The way we did with it in banks is to say, "Well, you have supervisor regulators that try to limit the risk that banks can take. It's not easy, but this should be other institutions than the provider of liquidity. The one that provides liquidity should not try to solve two problems, namely liquidity crisis and a moral hazard problem. It's like the fireman that is at the same time the policeman.

The fireman that arrives at a burning house has to extinguish the fire, and should not try to be the policeman at the same time that is trying to catch the guilty. If he does that, he will not be a good fireman. The same is true for a central bank and also with respect to government bond markets when a central bank buys these government bonds, it provides the liquidity, it creates moral hazard. We should have another mechanism that deals with the potential moral hazard risk that is created by these liquidity interventions. That's also not easy, but that's the way we should do it.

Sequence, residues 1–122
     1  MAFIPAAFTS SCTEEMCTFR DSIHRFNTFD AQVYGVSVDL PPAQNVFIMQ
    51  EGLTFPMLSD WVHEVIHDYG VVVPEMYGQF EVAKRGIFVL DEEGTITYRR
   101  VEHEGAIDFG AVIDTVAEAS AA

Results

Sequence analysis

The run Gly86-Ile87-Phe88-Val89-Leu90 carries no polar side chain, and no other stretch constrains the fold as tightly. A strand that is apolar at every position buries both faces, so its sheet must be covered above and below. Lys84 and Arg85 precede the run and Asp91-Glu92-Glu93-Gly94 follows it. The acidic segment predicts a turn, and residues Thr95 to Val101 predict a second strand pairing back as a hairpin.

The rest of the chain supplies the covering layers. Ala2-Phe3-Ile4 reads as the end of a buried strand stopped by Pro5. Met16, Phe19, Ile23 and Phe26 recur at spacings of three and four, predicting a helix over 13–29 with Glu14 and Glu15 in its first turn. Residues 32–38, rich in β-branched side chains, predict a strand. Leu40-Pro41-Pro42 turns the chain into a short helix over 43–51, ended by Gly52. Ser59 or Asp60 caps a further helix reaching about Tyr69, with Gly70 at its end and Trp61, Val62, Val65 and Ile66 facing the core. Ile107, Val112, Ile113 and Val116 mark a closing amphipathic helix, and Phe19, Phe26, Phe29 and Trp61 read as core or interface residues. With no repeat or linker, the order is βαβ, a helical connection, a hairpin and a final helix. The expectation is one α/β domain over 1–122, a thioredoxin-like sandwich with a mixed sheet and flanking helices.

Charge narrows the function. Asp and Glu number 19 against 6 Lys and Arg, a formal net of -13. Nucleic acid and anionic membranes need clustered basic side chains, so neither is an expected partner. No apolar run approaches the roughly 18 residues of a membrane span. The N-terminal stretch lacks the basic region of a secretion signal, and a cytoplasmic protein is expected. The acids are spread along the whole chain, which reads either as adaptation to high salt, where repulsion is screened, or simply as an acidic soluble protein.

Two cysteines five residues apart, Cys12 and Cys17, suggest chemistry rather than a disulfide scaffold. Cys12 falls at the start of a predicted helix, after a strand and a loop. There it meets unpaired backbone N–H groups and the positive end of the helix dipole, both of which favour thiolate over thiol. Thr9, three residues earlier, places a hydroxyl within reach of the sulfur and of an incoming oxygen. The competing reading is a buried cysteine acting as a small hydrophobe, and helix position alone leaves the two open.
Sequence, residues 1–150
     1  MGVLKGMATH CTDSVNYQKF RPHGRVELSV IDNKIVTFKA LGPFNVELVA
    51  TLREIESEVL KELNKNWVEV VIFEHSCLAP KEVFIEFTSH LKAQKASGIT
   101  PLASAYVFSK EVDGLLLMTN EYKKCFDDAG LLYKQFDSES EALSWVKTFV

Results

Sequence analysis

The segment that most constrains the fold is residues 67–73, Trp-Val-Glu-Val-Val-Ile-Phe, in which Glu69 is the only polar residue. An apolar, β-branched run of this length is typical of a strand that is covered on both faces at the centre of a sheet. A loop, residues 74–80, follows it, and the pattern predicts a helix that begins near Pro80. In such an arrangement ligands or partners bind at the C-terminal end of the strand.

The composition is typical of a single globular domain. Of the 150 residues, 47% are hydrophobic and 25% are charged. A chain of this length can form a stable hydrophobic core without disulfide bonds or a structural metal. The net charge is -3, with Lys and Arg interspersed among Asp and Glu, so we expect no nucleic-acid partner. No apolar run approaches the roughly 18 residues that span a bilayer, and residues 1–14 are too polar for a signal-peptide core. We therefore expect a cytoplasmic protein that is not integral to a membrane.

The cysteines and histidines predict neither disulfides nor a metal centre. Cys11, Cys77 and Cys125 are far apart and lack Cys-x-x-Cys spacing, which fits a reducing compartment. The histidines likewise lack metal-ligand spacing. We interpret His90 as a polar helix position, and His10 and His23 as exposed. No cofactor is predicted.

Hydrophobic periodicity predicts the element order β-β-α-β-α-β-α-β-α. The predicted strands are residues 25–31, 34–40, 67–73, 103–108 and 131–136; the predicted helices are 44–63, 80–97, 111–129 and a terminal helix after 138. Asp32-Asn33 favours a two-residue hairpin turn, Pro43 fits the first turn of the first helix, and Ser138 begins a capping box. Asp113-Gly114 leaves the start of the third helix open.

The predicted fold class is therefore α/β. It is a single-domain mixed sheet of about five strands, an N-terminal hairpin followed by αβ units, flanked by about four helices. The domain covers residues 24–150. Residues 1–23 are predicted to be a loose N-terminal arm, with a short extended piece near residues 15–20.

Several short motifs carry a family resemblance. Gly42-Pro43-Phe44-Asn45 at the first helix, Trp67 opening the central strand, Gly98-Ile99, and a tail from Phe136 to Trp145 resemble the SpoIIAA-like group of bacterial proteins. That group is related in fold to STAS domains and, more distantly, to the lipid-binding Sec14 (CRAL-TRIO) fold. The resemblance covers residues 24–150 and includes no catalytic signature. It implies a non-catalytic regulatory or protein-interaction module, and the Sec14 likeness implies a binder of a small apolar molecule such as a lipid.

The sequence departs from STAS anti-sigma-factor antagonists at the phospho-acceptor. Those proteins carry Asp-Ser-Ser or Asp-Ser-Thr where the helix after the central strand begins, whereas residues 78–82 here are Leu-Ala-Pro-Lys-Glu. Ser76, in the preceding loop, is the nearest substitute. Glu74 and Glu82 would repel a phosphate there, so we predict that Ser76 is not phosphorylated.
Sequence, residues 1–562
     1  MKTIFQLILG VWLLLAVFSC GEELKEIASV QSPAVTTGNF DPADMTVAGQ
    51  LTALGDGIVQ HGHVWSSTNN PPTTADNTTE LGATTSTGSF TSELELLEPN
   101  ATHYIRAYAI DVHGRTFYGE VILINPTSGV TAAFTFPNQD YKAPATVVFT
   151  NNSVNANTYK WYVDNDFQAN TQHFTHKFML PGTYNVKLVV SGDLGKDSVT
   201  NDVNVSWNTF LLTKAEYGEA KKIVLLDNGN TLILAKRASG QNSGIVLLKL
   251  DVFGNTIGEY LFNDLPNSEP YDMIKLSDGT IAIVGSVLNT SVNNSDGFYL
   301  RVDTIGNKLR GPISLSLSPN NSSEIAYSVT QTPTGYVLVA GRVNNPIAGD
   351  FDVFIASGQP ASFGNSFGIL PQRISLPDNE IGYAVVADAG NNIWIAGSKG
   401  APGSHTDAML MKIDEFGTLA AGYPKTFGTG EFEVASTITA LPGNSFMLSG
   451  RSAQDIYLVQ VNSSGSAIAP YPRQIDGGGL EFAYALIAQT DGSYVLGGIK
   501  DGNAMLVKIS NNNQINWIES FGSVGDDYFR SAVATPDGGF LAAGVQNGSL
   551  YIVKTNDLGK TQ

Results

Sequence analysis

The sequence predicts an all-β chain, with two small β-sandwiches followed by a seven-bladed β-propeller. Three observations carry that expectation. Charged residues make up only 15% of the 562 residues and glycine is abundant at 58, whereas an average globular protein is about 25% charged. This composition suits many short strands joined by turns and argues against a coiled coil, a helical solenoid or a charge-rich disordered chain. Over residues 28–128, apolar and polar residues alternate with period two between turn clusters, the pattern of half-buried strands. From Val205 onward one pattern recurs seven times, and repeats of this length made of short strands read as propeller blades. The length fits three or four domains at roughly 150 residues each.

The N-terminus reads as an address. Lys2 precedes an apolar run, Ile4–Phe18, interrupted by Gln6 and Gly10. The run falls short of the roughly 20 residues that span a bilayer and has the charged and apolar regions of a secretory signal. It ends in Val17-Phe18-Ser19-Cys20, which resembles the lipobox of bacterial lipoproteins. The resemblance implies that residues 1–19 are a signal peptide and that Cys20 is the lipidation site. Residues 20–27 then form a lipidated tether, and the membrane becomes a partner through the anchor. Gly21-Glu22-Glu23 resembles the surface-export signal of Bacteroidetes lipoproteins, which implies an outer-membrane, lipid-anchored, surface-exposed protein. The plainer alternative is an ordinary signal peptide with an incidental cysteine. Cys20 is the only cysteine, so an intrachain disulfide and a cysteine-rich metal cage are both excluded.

Viv: Do you think full banking union in Europe will ever be possible without political union?

Paul: No. The banking union always implies some political union, not necessarily a full scale political union, but some. Let me give you an example. If banking union also implies that we will have a deposit insurance mechanism that is organised at the European level, in normal times the funding of this insurance mechanism can be provided by the banks that participate in all this. In crisis times, this funding is usually insufficient. As a result, you need a backstop that has to be some European institution then with the power to tax, and to make sure that the system can be kept. That requires some political union.

Viv: The immediate and most pressing problem in the Eurozone has been described recently as being a mix of excessive debt, failing banks, and uncompetitive economies causing a lack of access to financial markets. In addition, unemployment at over 11% is at the highest it's ever been in the Eurozone. Do you think we're moving any closer towards resolving these core problems?